Hirokazu Kore-eda’s I Wish is one of my favourite films so far this year, he has a knack with stories – telling them with just the right amount of emotion to keep out the schmaltz. Like Father Like Son is another bittersweet look at the fractures that can break apart a seemingly happy family life, revealing chasms of dissatisfaction and regret.
Kore-eda introduces a perfect couple (Ryota and Midori), living in an expensive Tokyo apartment with one son, Keita, who is much-loved but a bit of a disappointment to his go-getting father on the academic front. Out of the blue, they find out that Keita was mixed up with another boy at birth and their real son is living with a large family who own a rundown electrical store on the other side of town.
It’s an impossible situation, and as the two families meet and gradually get to know their biological children, Kore-eda focuses in on the relationships between the fathers and the boys. Ryota has forgotten about loving his child because he’s too busy working to pay for the fancy apartment and for Keita’s prep school. On the other hand, his opposite number Yudai is adored by his children – they don’t have much but there’s no doubt about the love this ramshackle bunch have for each other. The two boys are caught between families instinctively trying to hold on to the children they’ve brought up, but desperate to have what’s genetically theirs too.
This is a powerful film dotted with humour, kindness and warmth – and once again utterly brilliant performances from the children. Kore-eda knows never to play unashamedly to the emotions, but it’s impossible not to be drawn into the heartbreaking dilemmas facing both families. It’s impeccably paced and shot with a real eye for colour and for the stillness of people caught in emotional trauma.
For me, and if I’m being honest, Like Father, Like Son doesn’t quite match up to the utter joy of I Wish. But it’s already picking up awards, including the jury prize at Cannes, and has been a festival favourite wherever it’s played. Either way, it’s another wonderful film from Kore-eda.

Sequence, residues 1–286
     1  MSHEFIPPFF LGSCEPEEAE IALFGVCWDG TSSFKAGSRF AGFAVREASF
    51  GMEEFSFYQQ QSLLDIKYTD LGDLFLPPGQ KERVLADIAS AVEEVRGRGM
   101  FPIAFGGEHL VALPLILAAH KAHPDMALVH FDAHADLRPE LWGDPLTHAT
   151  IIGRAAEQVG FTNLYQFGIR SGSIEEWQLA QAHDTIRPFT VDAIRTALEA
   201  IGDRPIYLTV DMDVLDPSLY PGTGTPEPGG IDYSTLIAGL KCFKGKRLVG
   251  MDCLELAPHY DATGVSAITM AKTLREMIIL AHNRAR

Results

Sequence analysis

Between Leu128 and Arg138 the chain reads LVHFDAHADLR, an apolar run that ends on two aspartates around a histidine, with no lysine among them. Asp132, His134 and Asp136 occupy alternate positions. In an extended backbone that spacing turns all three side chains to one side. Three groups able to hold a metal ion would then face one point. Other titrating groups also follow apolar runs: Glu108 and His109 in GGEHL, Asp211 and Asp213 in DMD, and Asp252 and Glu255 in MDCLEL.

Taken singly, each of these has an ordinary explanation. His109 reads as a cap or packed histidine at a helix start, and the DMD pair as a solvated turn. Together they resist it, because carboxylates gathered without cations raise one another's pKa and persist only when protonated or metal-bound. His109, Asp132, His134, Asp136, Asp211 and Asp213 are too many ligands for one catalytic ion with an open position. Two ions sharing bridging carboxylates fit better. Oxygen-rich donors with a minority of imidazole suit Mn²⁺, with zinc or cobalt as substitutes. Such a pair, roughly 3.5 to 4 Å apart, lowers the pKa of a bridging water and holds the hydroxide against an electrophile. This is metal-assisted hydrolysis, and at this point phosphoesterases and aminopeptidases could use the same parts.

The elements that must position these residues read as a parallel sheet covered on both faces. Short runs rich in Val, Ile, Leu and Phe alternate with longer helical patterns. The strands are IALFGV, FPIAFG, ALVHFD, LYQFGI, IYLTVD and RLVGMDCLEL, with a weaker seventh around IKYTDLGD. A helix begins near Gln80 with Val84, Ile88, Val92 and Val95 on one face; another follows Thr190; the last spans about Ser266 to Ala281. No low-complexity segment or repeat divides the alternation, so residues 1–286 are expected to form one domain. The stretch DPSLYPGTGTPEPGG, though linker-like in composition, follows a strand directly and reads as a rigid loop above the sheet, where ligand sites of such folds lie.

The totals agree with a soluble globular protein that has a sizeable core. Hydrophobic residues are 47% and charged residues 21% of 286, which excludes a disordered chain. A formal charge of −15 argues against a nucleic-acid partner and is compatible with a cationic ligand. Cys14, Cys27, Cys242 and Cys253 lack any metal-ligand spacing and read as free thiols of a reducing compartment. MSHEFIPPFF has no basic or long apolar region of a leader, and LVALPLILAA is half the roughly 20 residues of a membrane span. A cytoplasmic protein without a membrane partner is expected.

I can’t recommend this one enough – Hirokazu Koreeda’s story of two brothers, separated when their parents split up, is truly heartwarming. It’s a film about being a kid – those pre-teen years where you can’t wait to be grown up but aren’t quite ready to put your toys aside. When you’re young enough to believe in making wishes but old enough to know they aren’t going to come true.
The two brothers are cheerily played by a couple of very young stand-up comedians, Koki and Oshiro Maeda. Koichi (Koki) has moved south with his mother to live with her extended family and Ryu (Oshiro) has stayed with his slacker musician father. They’re getting on with life, but miss each other and Koichi particularly longs for a return to the old days. When his life wasn’t showered with ash from his new home’s active volcano.
Koichi hears a rumour that at the point where two bullet trains cross you can make a wish and it will come true. It’s too tempting a chance to miss and the boys set off from their separate homes, ready to magic their family back together, both accompanied by a gaggle of friends with their own hopes and dreams. And something magical does happen on the journey, although not quite what they were all wishing for.
It’s a simple tale, sparingly told and with real heart. My only complaint would be the 80s jangly guitar soundtrack which felt a bit incongruous. But that’s a small moan. You’ll leave the cinema feeling like you’ve had a lovely hug and a packet of Spangles. Just wonderful.